‘What exactly does that boyfriend of yours Nkedi do?’ Chao asked her big sister.
They were both wearing blue jeans, though the attire similarity ended there. Lala’s top was a black T-shirt, with the word NO emblazoned at its front in bright blue colours.
Chao was donning a sleeveless garnet tank top. She liked buying clothes with complicated colours so that she could casually say to her friends statements like, ‘this garnet colour was the only one remaining in the shop...’
Slender braids were tumbling down her generous bosom. She had a love-hate relationship with this bosom of her. Sometimes it was a source of great pride but there were times when she wished she could deflate the boobs just a little so that they could be a ‘normal’ size.
They were seated in the second row of the left side, in an Easy bus coach, on a rare trip to their father’s ancestral home in Mumias. Mumias literally means Mumia’s named after Nabongo Mumia, one of pre-independent Kenya’s last supreme traditional kings. It is now more famous for its sugar. However, this sweetness had turned sour over the years. Just ten years earlier, nearly every farmer in Mumias was planting sugarcane. Now, almost each one of them was uprooting them.
Like India and Brazil, Mumias had been a powerhouse of sugarcane for a long time. But unlike India which still produced an average annual cane production of about 350 million tonnes, Mumias’s had plummeted faster than a rock falling down a cliff.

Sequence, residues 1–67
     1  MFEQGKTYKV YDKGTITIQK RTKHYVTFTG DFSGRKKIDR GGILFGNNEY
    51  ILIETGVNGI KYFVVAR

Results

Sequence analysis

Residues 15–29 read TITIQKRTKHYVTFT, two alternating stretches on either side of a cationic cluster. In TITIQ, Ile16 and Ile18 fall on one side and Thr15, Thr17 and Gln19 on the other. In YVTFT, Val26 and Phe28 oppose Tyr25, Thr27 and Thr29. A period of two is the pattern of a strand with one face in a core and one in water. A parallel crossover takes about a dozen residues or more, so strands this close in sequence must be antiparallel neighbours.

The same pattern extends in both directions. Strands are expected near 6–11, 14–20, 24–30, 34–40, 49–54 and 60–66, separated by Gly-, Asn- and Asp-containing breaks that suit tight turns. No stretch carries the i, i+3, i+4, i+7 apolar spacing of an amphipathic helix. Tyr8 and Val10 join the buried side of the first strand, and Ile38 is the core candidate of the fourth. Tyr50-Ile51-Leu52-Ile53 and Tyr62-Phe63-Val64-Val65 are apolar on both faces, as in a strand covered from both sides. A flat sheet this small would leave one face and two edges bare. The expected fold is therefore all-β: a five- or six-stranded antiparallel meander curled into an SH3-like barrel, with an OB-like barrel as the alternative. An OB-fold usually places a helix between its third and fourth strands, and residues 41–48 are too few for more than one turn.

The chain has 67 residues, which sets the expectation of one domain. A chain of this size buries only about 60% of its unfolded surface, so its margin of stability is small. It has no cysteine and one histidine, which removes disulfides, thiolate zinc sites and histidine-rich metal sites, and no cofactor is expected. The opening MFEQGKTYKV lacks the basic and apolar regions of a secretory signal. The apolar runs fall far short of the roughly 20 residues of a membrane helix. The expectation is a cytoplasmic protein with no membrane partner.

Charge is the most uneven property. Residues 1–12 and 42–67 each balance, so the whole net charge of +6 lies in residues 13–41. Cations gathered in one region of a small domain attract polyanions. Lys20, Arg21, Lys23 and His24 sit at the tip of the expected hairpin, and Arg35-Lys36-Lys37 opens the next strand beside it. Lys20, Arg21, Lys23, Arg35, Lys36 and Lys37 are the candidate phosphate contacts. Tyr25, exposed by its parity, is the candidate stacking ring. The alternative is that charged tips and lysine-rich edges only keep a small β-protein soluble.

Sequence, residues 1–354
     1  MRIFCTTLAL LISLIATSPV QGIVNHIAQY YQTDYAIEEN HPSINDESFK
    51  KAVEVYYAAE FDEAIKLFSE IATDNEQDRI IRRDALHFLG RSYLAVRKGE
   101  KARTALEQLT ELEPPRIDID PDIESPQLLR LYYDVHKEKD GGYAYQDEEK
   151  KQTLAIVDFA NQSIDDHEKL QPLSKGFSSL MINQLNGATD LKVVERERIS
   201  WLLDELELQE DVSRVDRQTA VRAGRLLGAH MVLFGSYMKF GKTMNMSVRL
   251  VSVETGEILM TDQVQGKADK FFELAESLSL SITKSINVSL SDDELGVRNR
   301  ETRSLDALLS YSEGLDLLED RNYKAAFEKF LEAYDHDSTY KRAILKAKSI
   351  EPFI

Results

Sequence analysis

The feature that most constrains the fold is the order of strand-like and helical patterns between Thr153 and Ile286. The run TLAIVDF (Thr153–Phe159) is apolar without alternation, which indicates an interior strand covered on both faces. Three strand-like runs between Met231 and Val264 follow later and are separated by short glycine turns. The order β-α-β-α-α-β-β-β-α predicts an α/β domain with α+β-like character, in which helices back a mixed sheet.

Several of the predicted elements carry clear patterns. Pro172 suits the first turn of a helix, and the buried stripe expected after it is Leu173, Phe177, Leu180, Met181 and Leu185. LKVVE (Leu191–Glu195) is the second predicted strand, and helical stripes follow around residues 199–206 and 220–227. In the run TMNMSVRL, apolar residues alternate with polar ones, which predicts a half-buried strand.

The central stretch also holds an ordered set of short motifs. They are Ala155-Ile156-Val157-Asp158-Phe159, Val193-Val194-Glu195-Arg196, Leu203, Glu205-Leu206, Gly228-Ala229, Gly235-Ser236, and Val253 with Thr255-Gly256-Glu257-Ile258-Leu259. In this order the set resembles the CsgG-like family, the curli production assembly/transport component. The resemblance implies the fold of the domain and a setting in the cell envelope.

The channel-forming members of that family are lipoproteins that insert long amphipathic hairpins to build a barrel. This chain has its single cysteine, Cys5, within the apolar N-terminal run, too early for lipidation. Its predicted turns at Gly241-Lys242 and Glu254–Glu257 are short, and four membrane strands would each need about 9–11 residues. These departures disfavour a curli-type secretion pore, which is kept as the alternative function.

When Wanguba, Lala’s uncle, her father’s oldest brother visited them in Nairobi the previous year, he had said solemnly during the sumptuous meal of Mama Lala’s soooft chapatis and ndengu, ‘our sugarcane farms have become graveyards of our dreams.’ Said in the Wanga dialect of the Luhya language, these words sounded even more absolute yet pleasantly poetic.
It was Tuesday in July, so the bus was half full; it would have been a quarter full but a group of ten Americans were going to Mumias for a volunteers project so they were occupying most of the seats on the right side of the bus.
‘Look at that one,’ Chao whispered in Lala’s ear, ‘the one in the third row. Dios Mio! He is absolutely yummy.’